Tools of the Trade/Hobby

When you're out railfanning, it's best to know what you need for a successful trip. Here is my suggestions for what can fill these roals.


June 28, 2009 19:18 EDT

If you intend to photograph the prototype, a decent camera is a must. I personally have a Fujifilm S700; 7.1 megapixels, 10 times optical zoom, pseudo-image-stabilization, uses SD/SDHC and xD (Fuji proprietary), pop-up flash (mildly entertaining), very nice battery life provided by four AA/LR-1 batteries, a very nicely sized LCD screen, optional EVF (electronic view finder). My only qualm with this model camera is that some of the pictures can turn out slightly grainy under closer inspection, but I have a feeling that maybe one of my settings is out of whack.

On Megapixels (etc.)

July 1, 2009 16:21 EDT

For those of you who are just starting in the railfan photography hobby, all the specialized concepts and terms can be somewhat daunting. Here I'll try to explain some of the more crucial terms in digital photography. A 'megapixel' ('MP') is a unit of photo size in millions of pixels. Most cameras normally take photos in a 4:3 aspect ratio, like a computer screen running in 1,024x768, so the number of megapixels is a reflection on a multiple of 4:3. For example, my camera, a Fuji S700, takes photos at 7.1MP, the final size being 3,072x2,304. Take 3,072 multiplied by 2,304 and you get 7,077,888, or about 7.07MP, round to 7.1. Some cameras also have a 3:2 mode that you can use, and the size is adjusted likewise. Continuing on, some cameras will display some numbers every time you take a photo. Usually these include the shutter speed (in seconds) and the -stop (a measure of the light that will be allowed to strike the CCD). The shutter opens to allow the light to be captured and turned into a photograph. The shorter the opening time, the less light that can enter, the longer the more. I've seen pictures taken at night with exposures on the order of minutes that look like they were taken in daylight. The -stop, also know as number, affects not only the amount of light entering, but also the depth of focus; the higher the -stop, the greater the depth of focus, the lower, the shorter the depth. This is becuase of how the -number is calculated: = focal length; D = diameter of entrance pupil; -number = / D. The -number is usually written as /#, where the # is -number, basically the expression of the math. For more, Wikipedia comes to the rescue with a very good article on all of this.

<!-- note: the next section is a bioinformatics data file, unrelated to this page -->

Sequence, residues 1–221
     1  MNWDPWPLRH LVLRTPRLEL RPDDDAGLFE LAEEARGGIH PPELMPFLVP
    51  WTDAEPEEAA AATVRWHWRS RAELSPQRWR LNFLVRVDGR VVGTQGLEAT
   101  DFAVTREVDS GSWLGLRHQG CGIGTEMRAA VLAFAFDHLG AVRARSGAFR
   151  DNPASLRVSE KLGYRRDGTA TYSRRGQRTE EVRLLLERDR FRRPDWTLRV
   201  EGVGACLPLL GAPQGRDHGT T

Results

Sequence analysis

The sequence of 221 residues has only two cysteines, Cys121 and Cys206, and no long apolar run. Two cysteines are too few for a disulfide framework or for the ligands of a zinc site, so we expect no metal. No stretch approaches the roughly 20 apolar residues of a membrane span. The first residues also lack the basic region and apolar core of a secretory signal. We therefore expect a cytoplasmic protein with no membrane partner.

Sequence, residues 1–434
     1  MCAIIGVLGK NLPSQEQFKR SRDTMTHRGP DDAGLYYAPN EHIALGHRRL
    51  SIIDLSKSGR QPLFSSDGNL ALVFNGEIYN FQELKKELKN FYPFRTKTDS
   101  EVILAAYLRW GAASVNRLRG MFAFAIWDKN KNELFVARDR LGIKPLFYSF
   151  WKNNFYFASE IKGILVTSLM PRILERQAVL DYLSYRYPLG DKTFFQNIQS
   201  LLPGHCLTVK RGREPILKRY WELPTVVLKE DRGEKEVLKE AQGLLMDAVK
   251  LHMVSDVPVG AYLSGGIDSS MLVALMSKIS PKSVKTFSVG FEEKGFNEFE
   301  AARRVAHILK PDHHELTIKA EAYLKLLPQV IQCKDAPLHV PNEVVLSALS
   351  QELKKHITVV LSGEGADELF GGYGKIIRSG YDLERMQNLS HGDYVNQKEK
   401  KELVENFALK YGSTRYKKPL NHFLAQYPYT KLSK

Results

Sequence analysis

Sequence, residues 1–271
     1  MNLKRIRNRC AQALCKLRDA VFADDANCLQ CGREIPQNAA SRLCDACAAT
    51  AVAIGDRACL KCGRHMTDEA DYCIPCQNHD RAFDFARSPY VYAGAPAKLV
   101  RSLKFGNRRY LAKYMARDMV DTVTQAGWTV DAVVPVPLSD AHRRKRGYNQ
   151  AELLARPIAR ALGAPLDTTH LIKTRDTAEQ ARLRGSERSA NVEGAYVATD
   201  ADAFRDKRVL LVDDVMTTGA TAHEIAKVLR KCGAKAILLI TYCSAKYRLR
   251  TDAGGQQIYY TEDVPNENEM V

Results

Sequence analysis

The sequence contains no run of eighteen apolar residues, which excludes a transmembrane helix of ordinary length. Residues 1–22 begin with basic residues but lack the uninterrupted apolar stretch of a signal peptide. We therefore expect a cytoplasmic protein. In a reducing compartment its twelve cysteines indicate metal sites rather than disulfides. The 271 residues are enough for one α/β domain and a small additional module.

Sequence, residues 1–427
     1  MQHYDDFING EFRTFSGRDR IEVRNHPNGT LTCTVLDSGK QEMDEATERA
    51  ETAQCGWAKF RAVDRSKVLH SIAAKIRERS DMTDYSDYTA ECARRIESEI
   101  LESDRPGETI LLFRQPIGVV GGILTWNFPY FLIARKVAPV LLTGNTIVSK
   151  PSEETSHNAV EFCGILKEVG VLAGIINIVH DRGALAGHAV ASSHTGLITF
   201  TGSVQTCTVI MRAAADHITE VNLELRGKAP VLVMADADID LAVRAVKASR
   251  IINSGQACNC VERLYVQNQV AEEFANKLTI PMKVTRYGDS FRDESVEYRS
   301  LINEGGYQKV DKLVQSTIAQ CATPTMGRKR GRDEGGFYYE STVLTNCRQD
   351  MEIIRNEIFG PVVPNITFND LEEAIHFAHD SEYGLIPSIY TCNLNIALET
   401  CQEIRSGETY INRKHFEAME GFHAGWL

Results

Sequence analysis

July 1, 2009 16:45 EDT

Before you go out and start taking photos, you need a form of digital media to store your photos on. Most early digital cameras (namely the Sony Mavica) used floppies to store photos on. Luckily, we've moved on to more conducive means of storage, such as the ubiquitous SD/SDHC card, the proprietary MemStick (Sony) or xD (Fuji), the professional Compact Flash, the ignored MMC (physically similar to SD and most of the time works with SD slots, but different...?), and the out of date SmartMedia (Toshiba). Only MMC and SD are compatible with eachother (not always), and xD/SD are usually marketed as a shared one-way compatibility (if it supports xD, more that likely, if made recently, it will support SD, like my S700). The space is expressed in MB or GB (mega- and gigabytes, respectfully). There are 1,024 megabytes in a gigabyte. I have an 8GB SDHC (HC=High Capacity) in my S700 (I've got upwards of 2,000 photos on it right now). Depending on how many pictures you plan on taking, choose accordingly; usually 2GB is a good entry size, 1GB are hard to find these days, but can be had for cheap. And don't be afraid to shop around for the best price; I stick to SanDisk, but Kingston and others are good as well.

Voice Recording

July 13, 2009 9:28 EDT

If I don't have my camera with me (which is usually), I carry a voice recorder with me. These fairly simple pieces of electronics can be had for about for less that $50 and can record for many hours. They start up in a milliseconds (that, or they never turn off, just the screen). Olympus' are my personal favorites (I've had a VN-240 and a VN-3100PC), and they work great, once you get used to using it. I use it to read off locomotive reporting marks to keep track of which locomotives I've seen.